Aloha! In Hawaii for Final Countdown

Changes they are a-coming, and currently all for the better. Yesterday I travelled from the mainland to Hawaii for the final countdown to the launch of Pacific Stage 2 on May 24. These next 5 weeks are going to be hectic and exciting. In the 2 months since Nicole came on board as my Program Director, developments have accelerated exponentially, with lots of spooky moments as things we wished for materialized almost magically.

Sometimes to my frustration, I haven’t been able to share many of these magic moments with anyone other than my journal, as most of our activity has been about creating partnerships and opportunities for an initiative to be announced soon, and I have a policy not to blog about things that lie in the future. I’ve learned a lot about how not to build up expectations that foster disappointment, and that things are rarely as good or as bad as we expect them to be. So likewise I try not to build up hopes and expectations amongst you, my lovely readers, in case things do not turn out as hoped. So over the winter my blogs have generally focused on the philosophical.

Now, as we enter the final phase of preparations, the focus will shift from philosophical to practical – and with a bit of luck the unveiling of this year’s Grand Plan to Change the World. We’re not quite ready yet to announce it yet, but the time is nigh.

Meanwhile, I am going to make a conscious effort to blog more often, to share with you the buzz of activity as all the plans we have been making – for both the expedition and the mission – burst into bloom.

Yesterday was hopefully not typical of this phase. It was a painfully early start, of the sort that makes the alarm clock into Most Hated Object. So I was already tired and my defences were low when I went with Ian Tuller, my volunteer Director of Boatworks, to take a first look at the Brocade. She looked pitiful. Tucked away in the corner of a gloomy warehouse, her paint was chipped, her decks were filthy, and her deck was cluttered with tools and boxes. I had a brief moment of despondency. But rather than dwell in the doldrums, we pushed on through, and slowly the tide turned.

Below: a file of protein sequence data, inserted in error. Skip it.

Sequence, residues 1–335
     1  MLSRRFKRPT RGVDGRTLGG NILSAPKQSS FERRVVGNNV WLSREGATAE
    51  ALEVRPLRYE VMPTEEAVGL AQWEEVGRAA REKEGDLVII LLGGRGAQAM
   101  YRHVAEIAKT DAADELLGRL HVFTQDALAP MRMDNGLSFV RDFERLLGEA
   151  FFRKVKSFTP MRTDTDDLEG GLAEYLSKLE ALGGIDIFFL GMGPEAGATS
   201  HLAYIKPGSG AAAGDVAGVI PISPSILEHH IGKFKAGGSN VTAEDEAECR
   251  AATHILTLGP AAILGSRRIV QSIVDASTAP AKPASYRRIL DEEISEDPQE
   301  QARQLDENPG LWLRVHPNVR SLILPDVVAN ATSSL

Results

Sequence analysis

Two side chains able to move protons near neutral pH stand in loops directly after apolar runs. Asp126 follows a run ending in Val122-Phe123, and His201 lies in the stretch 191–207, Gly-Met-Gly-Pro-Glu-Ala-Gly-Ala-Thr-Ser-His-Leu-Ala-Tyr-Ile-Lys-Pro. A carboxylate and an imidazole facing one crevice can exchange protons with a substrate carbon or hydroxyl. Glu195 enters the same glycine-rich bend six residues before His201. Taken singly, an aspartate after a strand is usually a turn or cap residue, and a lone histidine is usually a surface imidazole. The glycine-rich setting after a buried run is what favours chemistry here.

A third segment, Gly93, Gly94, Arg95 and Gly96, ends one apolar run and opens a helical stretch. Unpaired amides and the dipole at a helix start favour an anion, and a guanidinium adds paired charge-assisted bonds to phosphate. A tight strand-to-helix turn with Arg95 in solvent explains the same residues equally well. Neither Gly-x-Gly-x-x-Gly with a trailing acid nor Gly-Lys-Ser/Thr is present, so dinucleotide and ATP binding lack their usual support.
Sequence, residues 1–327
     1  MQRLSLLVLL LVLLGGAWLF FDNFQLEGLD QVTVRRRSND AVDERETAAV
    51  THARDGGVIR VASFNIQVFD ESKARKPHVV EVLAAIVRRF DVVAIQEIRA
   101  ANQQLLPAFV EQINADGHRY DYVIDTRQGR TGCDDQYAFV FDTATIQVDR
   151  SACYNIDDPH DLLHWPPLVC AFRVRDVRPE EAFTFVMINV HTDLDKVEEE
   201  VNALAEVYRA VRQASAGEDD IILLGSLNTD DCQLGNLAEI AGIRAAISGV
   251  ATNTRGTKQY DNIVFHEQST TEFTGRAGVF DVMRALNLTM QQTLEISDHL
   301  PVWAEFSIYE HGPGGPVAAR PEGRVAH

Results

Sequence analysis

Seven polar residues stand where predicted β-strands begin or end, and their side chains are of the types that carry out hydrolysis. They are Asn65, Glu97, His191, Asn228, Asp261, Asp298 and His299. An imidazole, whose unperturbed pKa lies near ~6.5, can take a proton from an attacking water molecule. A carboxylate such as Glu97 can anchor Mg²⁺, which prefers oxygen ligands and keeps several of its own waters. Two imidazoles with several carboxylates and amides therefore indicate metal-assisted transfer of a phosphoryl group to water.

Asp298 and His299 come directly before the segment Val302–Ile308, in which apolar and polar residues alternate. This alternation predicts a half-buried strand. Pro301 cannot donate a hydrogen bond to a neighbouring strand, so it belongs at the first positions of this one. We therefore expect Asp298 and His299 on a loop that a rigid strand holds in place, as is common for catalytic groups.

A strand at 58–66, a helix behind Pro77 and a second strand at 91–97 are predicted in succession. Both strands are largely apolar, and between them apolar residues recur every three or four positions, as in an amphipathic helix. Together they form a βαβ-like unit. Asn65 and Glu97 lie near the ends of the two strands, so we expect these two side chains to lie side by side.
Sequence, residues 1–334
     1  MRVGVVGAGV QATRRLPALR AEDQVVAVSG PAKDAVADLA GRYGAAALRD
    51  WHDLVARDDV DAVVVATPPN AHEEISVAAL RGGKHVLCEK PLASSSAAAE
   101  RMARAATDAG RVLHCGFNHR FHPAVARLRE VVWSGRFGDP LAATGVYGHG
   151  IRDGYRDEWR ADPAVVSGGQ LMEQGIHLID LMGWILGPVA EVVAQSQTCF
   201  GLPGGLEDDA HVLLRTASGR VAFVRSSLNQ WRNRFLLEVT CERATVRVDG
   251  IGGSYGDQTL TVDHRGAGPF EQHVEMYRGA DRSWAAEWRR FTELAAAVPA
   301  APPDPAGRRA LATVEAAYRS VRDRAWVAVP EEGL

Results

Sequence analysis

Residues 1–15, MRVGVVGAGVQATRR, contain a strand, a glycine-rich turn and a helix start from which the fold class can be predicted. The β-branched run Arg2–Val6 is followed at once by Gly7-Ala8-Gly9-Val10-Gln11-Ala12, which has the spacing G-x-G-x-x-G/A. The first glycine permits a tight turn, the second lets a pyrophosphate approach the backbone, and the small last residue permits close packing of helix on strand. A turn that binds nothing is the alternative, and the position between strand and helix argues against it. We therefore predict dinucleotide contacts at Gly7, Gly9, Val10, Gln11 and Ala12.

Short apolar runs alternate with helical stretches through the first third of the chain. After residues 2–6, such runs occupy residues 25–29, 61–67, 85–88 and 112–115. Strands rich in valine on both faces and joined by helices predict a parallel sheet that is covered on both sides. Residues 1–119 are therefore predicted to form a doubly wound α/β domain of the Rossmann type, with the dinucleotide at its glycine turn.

We took out our To Do list and dutifully updated it. Then last night Nicole and I had supper with Joel from the JUNK raft – who is now on board to help Ian with the first wave of essential works to the boat. Today Ian collected the numerous packages that have been arriving over the last few weeks c/o Rick Shema, my weather guy, and we had a grand gift-opening. Thanks to Kakadu Golf Gloves, Green People, Powerflare, and Larabar for their generous contributions.

And as of this afternoon it looks as if we may have a very exciting new venue on which to work on the Brocade – where media, schoolchildren, and passersby would be able to come and view us as we pack the boat for the next row. But that one really IS still speculative, so I won’t jinx it by saying too much yet!

So we are on the up, and life is good!

Other stuff:

Various pictures herewith:

Speaking at the Oxford Cambridge Boat Race Dinner in San Francisco on April 14.

With David de Rothschild of Adventure Ecology and the Plastiki project – Pier 21, San Francisco (I really must stop getting photographed with these tall guys! He’s 6ft 4in. I’m not.)

Ian Tuller, Director of Boatworks (volunteer)


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  • Chris K

    The preparation
    For an adventure
    Must be excessive
    To ensure success.

  • Anonymous

    Roz!

    regarding your comments on the appearance
    of the Brocade. That’s what a historic boat
    should look like, dummy!

    TK [Savage!] MN USA

  • Eric

    Go Roz! I’m glad to hear things are working out!